Beating Back Cancer

ST. MARYS — There’s a reason the event is called a relay and not a race — with the American Cancer Society celebrating 100 years since it started fighting cancer, those who began the organization have long since passed the baton to a new generation.

Many of the early participants in Relay for Life have gone from the survivors list to the list of those the event is “in memory of,” but the idea of a Relay is that eventually a team member will end the Relay against cancer by crossing the finish line with a cure.

As Relay for Life celebrated ACS’s hundredth birthday this year, meeting Friday and Saturday in Memorial Park in St. Marys, team members raised $24,247 in the fight against cancer, short of their $30,000 goal for the year, said Sarah Burke, organizer, but well on the way. During the event, $3,194 was raised, and at least 300 people attended, with 88 cancer survivors in attendance.

By Saturday morning, when the Relay was wrapping up, the chilly and sleepy masses were still walking the park, even as tents came down and signs were rolled up and away for next year.

The quickest fundraiser was a five minute “Miss Relay” contest where local men dressed up as pageant queens and canvassed the crowd for donations, raising $78.11.

Lora Krugh said she’d slept three hours during the 18-hour, overnight event. Team Mojo, named in honor of her mom and dad, Moe and Joan Rammel, had 95 members of the family on the team who turned out for Relay for Life.

“It’s not just our family, but our school family as well,” she said.

With three members expecting children in the next year, they expect team turnout to increase.

While it was the team’s first year, they sold purses, cookies, water and had a game of Plinko for the kids. The new location in Memorial Park worked well, Krugh said.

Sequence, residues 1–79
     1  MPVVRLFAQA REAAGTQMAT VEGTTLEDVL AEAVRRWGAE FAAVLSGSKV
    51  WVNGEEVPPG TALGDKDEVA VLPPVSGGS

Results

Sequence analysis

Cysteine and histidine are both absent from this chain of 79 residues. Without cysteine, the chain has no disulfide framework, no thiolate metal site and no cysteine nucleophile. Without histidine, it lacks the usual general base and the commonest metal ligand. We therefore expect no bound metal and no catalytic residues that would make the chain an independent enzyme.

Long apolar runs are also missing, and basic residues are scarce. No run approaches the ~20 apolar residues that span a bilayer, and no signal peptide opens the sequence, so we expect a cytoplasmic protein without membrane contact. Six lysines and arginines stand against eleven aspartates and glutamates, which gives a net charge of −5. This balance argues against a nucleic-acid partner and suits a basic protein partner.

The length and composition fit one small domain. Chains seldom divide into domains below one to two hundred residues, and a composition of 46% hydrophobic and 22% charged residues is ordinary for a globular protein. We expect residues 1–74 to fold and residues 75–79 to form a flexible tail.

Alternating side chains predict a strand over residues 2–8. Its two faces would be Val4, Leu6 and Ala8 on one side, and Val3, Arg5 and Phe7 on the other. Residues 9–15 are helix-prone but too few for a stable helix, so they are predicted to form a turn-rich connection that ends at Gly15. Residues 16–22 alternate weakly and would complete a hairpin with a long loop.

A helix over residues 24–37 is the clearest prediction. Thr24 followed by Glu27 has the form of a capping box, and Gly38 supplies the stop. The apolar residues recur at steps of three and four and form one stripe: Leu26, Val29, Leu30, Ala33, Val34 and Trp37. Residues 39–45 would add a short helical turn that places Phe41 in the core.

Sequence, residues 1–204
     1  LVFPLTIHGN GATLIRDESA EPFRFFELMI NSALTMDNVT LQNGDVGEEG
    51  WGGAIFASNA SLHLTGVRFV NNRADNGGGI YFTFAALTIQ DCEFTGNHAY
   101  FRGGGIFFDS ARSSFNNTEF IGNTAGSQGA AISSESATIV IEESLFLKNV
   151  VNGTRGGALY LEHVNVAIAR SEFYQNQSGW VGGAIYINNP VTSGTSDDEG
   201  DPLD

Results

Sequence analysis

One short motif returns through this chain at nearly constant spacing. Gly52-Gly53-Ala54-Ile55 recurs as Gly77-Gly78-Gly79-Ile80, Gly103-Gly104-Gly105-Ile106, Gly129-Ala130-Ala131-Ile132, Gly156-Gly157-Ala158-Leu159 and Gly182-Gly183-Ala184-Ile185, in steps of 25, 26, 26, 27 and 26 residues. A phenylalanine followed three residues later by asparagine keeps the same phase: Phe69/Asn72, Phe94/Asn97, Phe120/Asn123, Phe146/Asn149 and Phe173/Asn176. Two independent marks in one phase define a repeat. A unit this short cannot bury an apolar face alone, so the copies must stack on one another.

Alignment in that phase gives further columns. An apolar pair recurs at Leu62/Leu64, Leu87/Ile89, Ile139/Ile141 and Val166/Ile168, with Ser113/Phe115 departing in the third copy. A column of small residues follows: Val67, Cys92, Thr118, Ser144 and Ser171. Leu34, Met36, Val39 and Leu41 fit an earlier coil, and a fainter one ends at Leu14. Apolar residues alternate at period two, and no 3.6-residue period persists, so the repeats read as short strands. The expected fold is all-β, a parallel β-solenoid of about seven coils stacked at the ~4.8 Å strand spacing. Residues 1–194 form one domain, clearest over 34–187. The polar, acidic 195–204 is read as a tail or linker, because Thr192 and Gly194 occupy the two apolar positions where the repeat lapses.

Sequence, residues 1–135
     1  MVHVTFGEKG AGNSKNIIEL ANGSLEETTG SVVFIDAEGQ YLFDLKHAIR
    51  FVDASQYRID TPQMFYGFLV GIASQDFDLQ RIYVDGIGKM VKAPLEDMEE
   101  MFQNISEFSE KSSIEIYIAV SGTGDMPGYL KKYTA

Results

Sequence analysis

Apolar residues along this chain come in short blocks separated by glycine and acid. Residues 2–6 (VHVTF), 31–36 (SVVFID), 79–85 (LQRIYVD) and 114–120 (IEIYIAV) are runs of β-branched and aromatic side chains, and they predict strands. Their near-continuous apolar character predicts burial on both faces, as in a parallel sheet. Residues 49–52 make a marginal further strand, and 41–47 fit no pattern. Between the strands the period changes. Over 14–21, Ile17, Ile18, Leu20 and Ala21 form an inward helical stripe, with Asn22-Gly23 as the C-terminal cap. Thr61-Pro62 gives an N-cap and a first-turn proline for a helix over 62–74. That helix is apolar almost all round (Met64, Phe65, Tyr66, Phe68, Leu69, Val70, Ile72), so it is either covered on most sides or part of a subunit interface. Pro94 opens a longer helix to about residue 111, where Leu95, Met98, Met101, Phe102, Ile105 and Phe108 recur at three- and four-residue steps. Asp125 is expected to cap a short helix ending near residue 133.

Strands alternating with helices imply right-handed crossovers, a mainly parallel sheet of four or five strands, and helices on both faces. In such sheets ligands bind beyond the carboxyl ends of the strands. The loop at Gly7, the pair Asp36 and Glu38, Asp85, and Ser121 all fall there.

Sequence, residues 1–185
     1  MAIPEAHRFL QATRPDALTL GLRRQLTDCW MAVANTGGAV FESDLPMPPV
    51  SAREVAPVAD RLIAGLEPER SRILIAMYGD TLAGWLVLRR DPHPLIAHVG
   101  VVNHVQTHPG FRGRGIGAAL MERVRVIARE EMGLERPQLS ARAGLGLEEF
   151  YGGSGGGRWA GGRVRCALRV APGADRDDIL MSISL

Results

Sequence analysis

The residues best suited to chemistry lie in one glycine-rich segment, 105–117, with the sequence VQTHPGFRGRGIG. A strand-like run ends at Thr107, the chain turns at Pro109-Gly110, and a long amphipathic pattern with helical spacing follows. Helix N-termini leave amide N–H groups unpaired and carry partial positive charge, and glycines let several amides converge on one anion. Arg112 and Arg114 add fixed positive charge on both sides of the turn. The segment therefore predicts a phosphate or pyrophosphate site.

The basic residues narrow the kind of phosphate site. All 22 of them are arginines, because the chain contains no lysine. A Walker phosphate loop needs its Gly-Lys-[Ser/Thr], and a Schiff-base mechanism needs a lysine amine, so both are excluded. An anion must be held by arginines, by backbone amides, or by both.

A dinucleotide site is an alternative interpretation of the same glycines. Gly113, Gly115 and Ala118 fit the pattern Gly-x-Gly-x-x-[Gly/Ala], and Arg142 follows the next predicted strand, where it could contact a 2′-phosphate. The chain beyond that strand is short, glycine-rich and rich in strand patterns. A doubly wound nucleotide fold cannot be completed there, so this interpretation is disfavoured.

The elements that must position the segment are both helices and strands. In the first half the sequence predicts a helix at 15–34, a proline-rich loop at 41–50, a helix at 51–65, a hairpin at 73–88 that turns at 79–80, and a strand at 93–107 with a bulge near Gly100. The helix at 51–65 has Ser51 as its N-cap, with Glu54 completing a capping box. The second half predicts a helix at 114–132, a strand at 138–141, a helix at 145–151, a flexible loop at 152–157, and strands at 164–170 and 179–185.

“It’s intimate and close,” Krugh said. “At first I thought it would be too small, but it wasn’t.”

What Krugh said she liked best “was the connectedness to the living and deceased” during the Luminaria ceremony.

After the Luminaria ceremony one lap was completed in silence.

“It was very emotional and celebratory,” Burke said.

Kathy Jeffries, leading the Riders to the Rescue team, listed the Luminaria ceremony as her favorite part. More than 150 luminaries were sold either in memory of those lost to cancer or in support of survivors.

“We walked the silent lap and everyone walked together but with their own thoughts,” she said.

The Riders to the Rescue team had a penny war and chicken dinners among other fundraisers. In the fall when school starts, members meet, and talk about the theme. A lot of time and manpower goes into the event, she said. Members were staff from the high school affected by cancer, including herself, a survivor.

“I recently hit the one year mark,” she said. “It’s humbling to be part of the club no one wants to be part of. But everyone on the staff has been touched by cancer.”

Kathy Bishir, with Crusaders Against Cancer, said her team had a rummage sale in conjunction with the town-wide yard sale that brought in $750.

Bishir said she had a lot of hope, seeing that people are living longer with cancer, and there are more cures for cancer. She said her favorite moment was the kickoff, when the survivors walk, and the teams walk the track.

“You have the support of your team there, and everyone is gathered together,” she said. “It’s a positive moment.”

The team total for the night was $3,809.

“We brought (money) with us to donate toward finding a cure,” Bishir said. “Cancer is so predominant. We have two survivors on our team so we relay to find a cure ... It’s a comfort to know you’re not alone. If we pool our resources we can find a cure. Hopefully in our lifetime.”